This is where technologies like SDN, which separates the network’s control and forwarding planes to make it easier to optimize the virtualized environment, can provide network automation and virtualization – first in the data center where the requirement is most pronounced, and over time can extend to the wide area network – to meet the needs of private, public, and hybrid clouds. The value of a software defined network is its ability to abstract the capabilities of the network, and its ability to automate the network in a policy-based way to eliminate errors and delays in the deployment and use of applications.

The case for open and hybrid cloud environments

Hybrid environments are a reality in almost every large enterprise, and according to Gartner, nearly half of large enterprise companies will have hybrid cloud deployments by the end of 2017. These environments provide the freedom to embrace an open, policy-driven networking approach that suits all applications, while also ensuring a return on investment for CIOs and IT managers. In addition, hybrid SDN solutions should give enterprises the capacity to run virtual technologies while using standard hardware and multi-vendor hypervisors. Sounds great, right? But with open and hybrid environments come a whole separate list of challenges. The reality is that CIOs today and their network administrators are dealing with multiple vendors and technologies, as well as legacy systems. Because of this connectivity between virtualized and non-virtualized data center assets to establish centralized visibility and automated control of the network within hybrid cloud environments is essential.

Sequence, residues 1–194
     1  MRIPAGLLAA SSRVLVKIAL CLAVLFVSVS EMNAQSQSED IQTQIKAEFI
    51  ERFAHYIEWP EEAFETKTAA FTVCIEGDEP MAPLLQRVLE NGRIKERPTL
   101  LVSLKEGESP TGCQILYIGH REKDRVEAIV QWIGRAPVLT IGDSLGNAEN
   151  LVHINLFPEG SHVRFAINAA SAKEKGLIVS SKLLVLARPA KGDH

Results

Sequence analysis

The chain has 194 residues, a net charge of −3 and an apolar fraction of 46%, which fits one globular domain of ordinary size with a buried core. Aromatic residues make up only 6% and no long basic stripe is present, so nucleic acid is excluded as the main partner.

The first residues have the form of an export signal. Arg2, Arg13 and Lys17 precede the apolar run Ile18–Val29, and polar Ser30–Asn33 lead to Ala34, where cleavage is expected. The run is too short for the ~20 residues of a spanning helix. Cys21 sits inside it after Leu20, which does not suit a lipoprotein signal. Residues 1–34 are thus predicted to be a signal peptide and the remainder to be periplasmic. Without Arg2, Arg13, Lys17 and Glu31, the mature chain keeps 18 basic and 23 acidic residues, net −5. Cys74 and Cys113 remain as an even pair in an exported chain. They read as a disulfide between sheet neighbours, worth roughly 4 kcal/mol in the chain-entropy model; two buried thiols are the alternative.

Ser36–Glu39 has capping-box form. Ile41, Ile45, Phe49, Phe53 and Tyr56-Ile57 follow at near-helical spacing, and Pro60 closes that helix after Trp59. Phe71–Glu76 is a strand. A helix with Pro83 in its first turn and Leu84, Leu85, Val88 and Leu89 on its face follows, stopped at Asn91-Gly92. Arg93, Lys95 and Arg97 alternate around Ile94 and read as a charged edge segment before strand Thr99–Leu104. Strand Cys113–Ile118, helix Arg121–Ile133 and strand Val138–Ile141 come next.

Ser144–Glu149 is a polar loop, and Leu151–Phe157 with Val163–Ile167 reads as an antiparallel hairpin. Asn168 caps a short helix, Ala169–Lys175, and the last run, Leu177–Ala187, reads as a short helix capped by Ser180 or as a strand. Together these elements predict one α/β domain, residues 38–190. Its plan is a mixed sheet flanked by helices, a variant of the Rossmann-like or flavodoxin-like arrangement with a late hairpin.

As businesses begin to invest more and more in creating the most suitable cloud environment to meet their applications’ demands, they need to take a closer look at their entire infrastructure – especially the network. Not every infrastructure is ideal for mission-critical business applications due to responsiveness, control and visibility. But a virtualized network using SDN can allow for a more agile and scalable environment, while reducing cost and enabling IT to efficiently allocate resources. This gives CIOs and their teams more control over their infrastructure in order to realize their cloud’s full potential and meet business goals.

So, the choice is yours – continue a manual approach with your network, or enjoy greater business agility and operational simplification of a virtualized network using SDN for cloud environments that are agile, responsive, policy driven, and highly automated.